* Saudi Crown Prince visits Washington
* U.S., Saudi Arabia expected to put pressure on Iran
* Demand also supports crude prices
* Upcoming: EIA U.S. output, inventory data due on Weds (Updates prices)
LONDON, March 21 (Reuters) - Oil neared its highest in six weeks on Wednesday after a surprise decline in U.S. inventories and as concern persisted over possible disruption to Middle East supply.
Unexpectedly large inventory declines in the United States helped underpin the market, even though refinery maintenance reaches a peak this month, but with the hardening stance of the United States towards Iran, most investors were reluctant to sell oil aggressively.
Brent crude futures were up 84 cents at $68.26 per barrel by 1325 GMT. Brent has risen by 10 percent since hitting a two-month low of $61.77 in early February.
U.S. West Texas Intermediate (WTI) crude futures were up 68 cents at $64.22 a barrel.
Saudi Arabia's Crown Prince Mohammed bin Salman on Tuesday arrived in Washington for a state visit, raising speculation the United States could reimpose sanctions on Iran, following renewed criticism of the 2015 nuclear deal.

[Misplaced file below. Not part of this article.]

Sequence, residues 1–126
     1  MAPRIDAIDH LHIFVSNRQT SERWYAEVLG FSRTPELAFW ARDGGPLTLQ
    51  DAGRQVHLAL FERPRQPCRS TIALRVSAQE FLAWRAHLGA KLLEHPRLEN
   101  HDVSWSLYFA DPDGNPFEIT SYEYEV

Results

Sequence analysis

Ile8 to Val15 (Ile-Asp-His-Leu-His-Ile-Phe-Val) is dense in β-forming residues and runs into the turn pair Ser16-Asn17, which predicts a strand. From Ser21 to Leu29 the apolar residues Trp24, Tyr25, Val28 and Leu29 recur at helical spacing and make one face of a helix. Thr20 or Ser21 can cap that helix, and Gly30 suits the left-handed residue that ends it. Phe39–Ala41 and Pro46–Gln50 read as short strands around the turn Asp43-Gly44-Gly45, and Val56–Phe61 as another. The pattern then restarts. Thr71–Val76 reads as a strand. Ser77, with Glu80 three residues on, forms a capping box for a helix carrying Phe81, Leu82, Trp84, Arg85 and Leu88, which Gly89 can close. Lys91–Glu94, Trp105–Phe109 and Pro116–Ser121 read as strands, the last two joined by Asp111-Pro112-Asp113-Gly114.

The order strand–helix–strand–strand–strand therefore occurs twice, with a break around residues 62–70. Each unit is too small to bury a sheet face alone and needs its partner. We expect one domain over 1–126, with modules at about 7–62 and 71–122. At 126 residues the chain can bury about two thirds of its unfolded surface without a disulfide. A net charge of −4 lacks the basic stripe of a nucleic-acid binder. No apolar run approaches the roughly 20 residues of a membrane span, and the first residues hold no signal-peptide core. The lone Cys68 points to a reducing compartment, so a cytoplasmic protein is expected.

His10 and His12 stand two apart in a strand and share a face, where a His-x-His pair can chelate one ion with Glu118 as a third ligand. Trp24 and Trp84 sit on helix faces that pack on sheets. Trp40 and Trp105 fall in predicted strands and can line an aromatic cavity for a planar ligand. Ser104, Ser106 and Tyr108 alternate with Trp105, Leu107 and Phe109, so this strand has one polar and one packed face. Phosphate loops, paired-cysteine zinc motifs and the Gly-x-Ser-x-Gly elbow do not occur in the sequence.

"You still have geopolitical considerations and possible U.S. action on Iranian sanctions ... that is going to be relatively prompt, in May," Petromatrix strategist Olivier Jakob said.
"So even though you do see signs that the market is lax on the physical side, do you go aggressively bearish when you have the potential for something happening between the U.S. and Iran?"
Analysts also pointed to the nomination of Mike Pompeo as new U.S. Secretary of State as a risk to oil markets, given he fiercely opposed the Iranian nuclear deal as a member of Congress.
"The nomination of Mike Pompeo for U.S. Secretary of State ... raises the likelihood of oil trade disruptions," Citi said in a note.
Energy consultancy FGE said new U.S. sanctions on Iran could result in a drop of 250,000-500,000-bpd drop in its exports by year-end, compared with crude exports of roughly 2.0-2.2 million bpd since early 2016, when sanctions were lifted.
Adding to the bullish momentum, U.S. crude stocks fell by 2.7 million barrels in the week ended March 16 to 425.3 million, the American Petroleum Institute said on Tuesday, against expectations for an increase of 2.6 million barrels.
"... Oil sanctions against Iran would have a greater impact in an undersupplied market than in an oversupplied one. The unexpected 2.7-million barrel decline in U.S. crude oil stocks last week, as reported by the API, is likely to confirm market participants in this view. The oil price strength could therefore continue in the coming days," Commerzbank analysts said in a note.
Official U.S. production and inventory data will be released by the Energy Information Administration (EIA) later on Wednesday.
Investors have been particularly wary of the steep rise in U.S. output <C-OUT-T-EIA>, which has grown by more than 20 percent since mid-2016, to 10.38 million bpd, putting the United States on track to become the world's largest oil producer this year.
(Additional reporting by Henning Gloystein in Singapore; editing by Jason Neely and Louise Heavens)